MANILA, Philippines — Davao City Councilor Nilo “Small” Abellera finally showed up on Thursday at the Senate inquiry into the smuggling of 604 kilos of crystal meth, or “shabu,” into the country, admitting he met customs broker Mark Taguba in the southern city in January.
However, Abellera denied belonging to or knowing anything about the so-called “Davao group,” which supposedly facilitates the quick release of shipments by the Bureau of Customs, or receiving a P5-million “enrollment fee” from Taguba to avail of the group’s services.
He had also made the same denial in an affidavit he had submitted to the Senate when he failed to attend an earlier hearing because of health concerns.
But like Taguba, Abellera earned himself a scolding from Senator Richard Gordon, chairman of the Blue Ribbon committee, who was incredulous when the councilor, like the broker, claimed not to know the real identity of “Jack,” the supposed Davao group member who introduced them to each other.
Taguba had earlier identified Jack as the supposed “handler” of Davao Vice Mayor Paolo Duterte, based on text messages from Tita Nani, his contact with the Davao group.
Earlier, Gordon and Majority Leader Vicente Sotto III berated Taguba, saying his inability to say who Jack really was and to remember details of his meeting with Abellera, such as the name of the Davao restaurant where it took place, made his testimony suspect.
They also accused Taguba of trying to divert he inquiry away from the main issue, to determine how such a large volume of drugs, worth an estimated P6.4 billion, slipped into the country past the Bureau of Customs.
Sotto found it hard to believe that Taguba could agree to go to Davao with millions of pesos in cash to meet with people he did not know.
Taguba said “nagbakasakali ako (I took a chance)” because he was desperate to have a shipment that was the subject of a Customs alert released.
Asked if the person he called “Small” was in the session hall, Taguba walked over to Abellera and pointed to the councilor.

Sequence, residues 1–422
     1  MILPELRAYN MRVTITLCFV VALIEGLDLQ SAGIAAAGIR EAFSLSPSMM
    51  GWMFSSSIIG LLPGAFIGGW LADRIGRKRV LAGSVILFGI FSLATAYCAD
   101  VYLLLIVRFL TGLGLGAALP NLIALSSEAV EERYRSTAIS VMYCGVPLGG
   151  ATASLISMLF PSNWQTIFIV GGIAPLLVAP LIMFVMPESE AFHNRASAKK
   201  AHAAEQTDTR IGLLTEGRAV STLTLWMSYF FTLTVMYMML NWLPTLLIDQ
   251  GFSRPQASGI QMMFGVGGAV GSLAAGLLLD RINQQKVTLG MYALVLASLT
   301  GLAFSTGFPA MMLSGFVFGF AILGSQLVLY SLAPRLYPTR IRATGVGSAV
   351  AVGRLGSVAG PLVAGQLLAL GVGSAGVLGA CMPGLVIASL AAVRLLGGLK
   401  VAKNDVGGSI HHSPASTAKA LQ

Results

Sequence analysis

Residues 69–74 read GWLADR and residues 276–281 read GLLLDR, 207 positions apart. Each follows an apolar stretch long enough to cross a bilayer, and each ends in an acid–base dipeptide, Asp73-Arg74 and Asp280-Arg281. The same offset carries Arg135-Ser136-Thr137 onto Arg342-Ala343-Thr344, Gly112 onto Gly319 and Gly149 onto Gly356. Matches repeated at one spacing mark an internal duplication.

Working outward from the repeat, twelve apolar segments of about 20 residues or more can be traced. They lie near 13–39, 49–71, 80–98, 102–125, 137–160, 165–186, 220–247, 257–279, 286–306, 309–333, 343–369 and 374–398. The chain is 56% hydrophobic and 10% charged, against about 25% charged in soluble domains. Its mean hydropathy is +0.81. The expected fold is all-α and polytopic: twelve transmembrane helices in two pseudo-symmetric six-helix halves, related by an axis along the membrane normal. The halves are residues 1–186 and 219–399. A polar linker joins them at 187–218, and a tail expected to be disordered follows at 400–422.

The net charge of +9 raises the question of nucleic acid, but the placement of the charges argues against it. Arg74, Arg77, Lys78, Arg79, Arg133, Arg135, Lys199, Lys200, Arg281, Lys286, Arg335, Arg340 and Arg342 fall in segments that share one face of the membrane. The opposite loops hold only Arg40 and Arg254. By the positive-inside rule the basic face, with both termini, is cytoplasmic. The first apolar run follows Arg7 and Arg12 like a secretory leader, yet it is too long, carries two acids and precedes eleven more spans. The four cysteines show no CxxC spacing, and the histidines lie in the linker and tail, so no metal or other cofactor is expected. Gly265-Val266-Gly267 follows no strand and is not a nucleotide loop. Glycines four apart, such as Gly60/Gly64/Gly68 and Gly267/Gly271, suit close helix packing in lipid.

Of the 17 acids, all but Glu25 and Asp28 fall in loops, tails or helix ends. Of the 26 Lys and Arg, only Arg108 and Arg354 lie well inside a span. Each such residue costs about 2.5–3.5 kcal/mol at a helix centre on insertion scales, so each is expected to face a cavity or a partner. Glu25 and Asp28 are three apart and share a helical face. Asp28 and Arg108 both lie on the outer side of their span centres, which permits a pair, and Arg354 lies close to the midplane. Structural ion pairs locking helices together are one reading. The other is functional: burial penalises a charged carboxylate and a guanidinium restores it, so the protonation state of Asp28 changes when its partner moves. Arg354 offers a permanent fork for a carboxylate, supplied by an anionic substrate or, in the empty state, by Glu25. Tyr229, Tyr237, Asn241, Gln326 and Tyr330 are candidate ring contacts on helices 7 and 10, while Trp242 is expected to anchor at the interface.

When Gordon questioned Abellera, he, too, confirmed that Taguba was the same person introduced to him by Jack during their meeting at the Casa de Amigos Restobar, which he said was some five kilometers from his home.
Abellera said Jack had called him asking to meet and claimed he agreed to because “I was doing nothing at the moment.”
This made Gordon ask if he was in the habit of agreeing to meet people he did not know.
Abellera explained that as a politician he meets people “casually” and that Jack must have been one of them. He also confirmed having Jack’s number in his phone’s contact list.
When he arrived at the restaurant, Abellera said he talked to Jack, who was sitting at a table with a companion.
Jack, he said, “told me a friend who was a customs broker was asking help to be introduced to Paolo Duterte” and claimed he refused the request.
It was at this point, he said, when Jack introduced him to Taguba.
But he added he left after five to 10 minutes.
Taguba, on the other hand, gave a different version of their meeting, saying it lasted for about an hour and insisting he had handed Abellera a blue La Coste bag containing the P5-million “enrollment fee” he had been instructed to bring to Davao by “Tita Nani,” his contact with the Davao group, supposedly to facilitate a meeting with Duterte.
The broker said when Abellera arrived at the meeting, Jack introduced him saying: “Mark, ito si Small, barkada ‘yan (Mark, this is Small, he’s part of the group).”
Abellera, said Taguba, ordered something to eat and told him: “Mark ‘pag pumasok ka sa amin dapat maging maayos kasa pagre-remit kasi ayaw naming masunog (Mark if you join us you must be prompt with your remittances because we don’t want to get burned).”
He said the councilor and Jack explained that they were having problems with another broker who was not properly handing over payments.
After the meeting broke out, Taguba said he carried the bag with the money outside and handed it to Abellera, who was in his parked vehicle.
Abellera, he said, promised to call him later. But when the call came, he was told that “Pulong,” which is Duterte’s nickname, was hesitant to meet because of his father, Ruben, a retired Customs policemen and former vice mayor of Piat, Cagayan, who supposedly caused trouble for a former Customs commissioner.
Taguba said he explained that his father was retired and that he was operating separately.
That night, Jack assured him he could fix things for another P2 million for “Pulong.”
Although he never met with Duterte, Taguba confirmed that the shipment he had sought the Davao group’s help for was quickly released and he continued to deal with them, handing over an average of P1 million a week for facilitating the release of shipments.
Duterte asked the National Bureau of Investigation to secure a copy of the CCTV footage at the time of the meeting between Taguba and Abellera from Casa de Amigos.